Over 99% of counterfeit Apple chargers failed basic security check, warns Trading Standards

Consumers are being warned of the dangers of buying fake chargers after an operation commissioned by Trading Standards revealed that over 99% of counterfeit Apple chargers failed to pass a basic safety check.

Investigators at UL, a leading safety consulting and certification firm, bought 400 counterfeit Apple chargers from suppliers around the world. They found that only three of the chargers passed a basic safety test – an electric strength test to determine how well an adapter is isolated from the electrical mains.

The investigators carried out electric strength tests on the counterfeit chargers by applying high voltage between the input and the output side to determine the level of current flow – if the amount of current flowing rose above a specific threshold then the unit was deemed to have insufficient isolation and failed the test.

397 of the 400 counterfeit chargers failed to pass this basic electric strength test.

apple_charger
An official Apple 5W USB Power Adapter.

UL said in its report that the results were ‘literally shocking’. Not only was the overall failure rate above 99%, but 12 chargers “were so poorly designed and constructed that they posed a risk of lethal electrocution to the user.”

Failure rate, in this context, is the frequency at which counterfeit Apple chargers fail.

The chargers were acquired from various suppliers across eight different countries, including the U.S., Canada, Colombia, China, Thailand and Australia.

The results of the investigation come after a complaint made by Apple last month over the ‘flood’ of fake chargers available for consumers to purchase on Amazon.

And a separate investigation found that 15% of 3,019 electrical goods bought second hand were non-compliant – this figure rose to 27% in London.



Trading Standards issues warning over fake chargers and second-hand electrics

“Only buy second-hand electrical goods that have been tested and only buy online electrical goods from trusted suppliers,” Leon Livermore, chief executive of Chartered Trading Standards, said in a statement issued by Trading Standards.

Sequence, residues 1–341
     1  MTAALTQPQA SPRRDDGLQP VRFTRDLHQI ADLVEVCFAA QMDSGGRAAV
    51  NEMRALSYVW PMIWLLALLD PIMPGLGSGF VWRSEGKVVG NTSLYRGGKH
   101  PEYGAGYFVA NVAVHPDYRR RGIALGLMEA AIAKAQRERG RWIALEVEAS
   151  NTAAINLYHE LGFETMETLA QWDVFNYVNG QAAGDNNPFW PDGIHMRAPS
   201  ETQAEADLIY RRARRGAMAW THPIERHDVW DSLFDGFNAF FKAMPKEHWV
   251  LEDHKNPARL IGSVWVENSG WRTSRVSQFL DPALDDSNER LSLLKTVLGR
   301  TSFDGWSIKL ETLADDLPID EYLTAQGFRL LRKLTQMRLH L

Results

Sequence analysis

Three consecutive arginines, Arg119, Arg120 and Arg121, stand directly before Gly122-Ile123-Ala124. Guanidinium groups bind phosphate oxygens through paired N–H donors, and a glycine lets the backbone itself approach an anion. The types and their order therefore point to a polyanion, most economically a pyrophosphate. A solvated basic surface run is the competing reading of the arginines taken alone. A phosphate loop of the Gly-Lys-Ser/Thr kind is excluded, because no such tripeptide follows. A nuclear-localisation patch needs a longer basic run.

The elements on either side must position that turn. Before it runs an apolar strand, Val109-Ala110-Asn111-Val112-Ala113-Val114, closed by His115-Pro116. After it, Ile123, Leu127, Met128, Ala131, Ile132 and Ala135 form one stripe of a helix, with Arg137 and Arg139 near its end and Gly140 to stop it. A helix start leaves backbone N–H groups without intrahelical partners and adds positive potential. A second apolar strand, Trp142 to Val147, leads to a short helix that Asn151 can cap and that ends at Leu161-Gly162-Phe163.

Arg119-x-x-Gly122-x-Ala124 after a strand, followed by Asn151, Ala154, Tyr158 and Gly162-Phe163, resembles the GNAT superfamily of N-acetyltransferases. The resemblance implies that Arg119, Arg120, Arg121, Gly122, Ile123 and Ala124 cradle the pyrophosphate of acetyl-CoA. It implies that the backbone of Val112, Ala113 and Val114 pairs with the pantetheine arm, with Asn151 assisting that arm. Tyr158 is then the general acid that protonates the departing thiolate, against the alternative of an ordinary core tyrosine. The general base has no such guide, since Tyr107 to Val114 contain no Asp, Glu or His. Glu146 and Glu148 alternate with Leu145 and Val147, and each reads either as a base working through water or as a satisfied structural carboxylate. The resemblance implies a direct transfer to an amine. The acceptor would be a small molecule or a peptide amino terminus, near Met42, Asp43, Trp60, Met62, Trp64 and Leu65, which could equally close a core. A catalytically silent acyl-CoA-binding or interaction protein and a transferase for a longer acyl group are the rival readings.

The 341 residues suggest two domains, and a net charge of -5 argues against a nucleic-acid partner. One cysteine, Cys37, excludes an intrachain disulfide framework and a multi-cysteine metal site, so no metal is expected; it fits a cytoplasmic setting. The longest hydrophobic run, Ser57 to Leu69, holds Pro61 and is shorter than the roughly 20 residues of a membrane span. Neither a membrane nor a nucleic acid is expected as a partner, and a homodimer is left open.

Buying from a reputable supplier might cost a bit more but “counterfeit and second-hand goods are an unknown entity that could cost you your home or even your life, or the life of a loved one.”

Lord Toby Harris, chair of National Trading Standards, said: “Many of us quite rightly assume that everything we buy will be safe, but recent work by our teams show how dangerous electrical goods can easily end up in homes up and down the country.

“Criminals across the globe are using online platforms to lure you in with cheap deals for fake items, many of which are dangerous and have been known to overheat and cause house fires.

“Protecting consumers from harm is our top priority and National Trading Standards teams are working closely with partners – including search engines, social media platforms and producers – to remove dangerous electrical items from our supply chain.

“Our teams help prevent dangerous goods from entering the country, undertake enforcement work to remove criminal social media profiles and seize hordes of dangerous items destined for households across the country.

“Sadly, we suspect our work is just skimming the surface and we urge consumers to be vigilant when buying electrical products online: be wary of deals that look too good to be true and search for reviews of the seller before making your purchase.”

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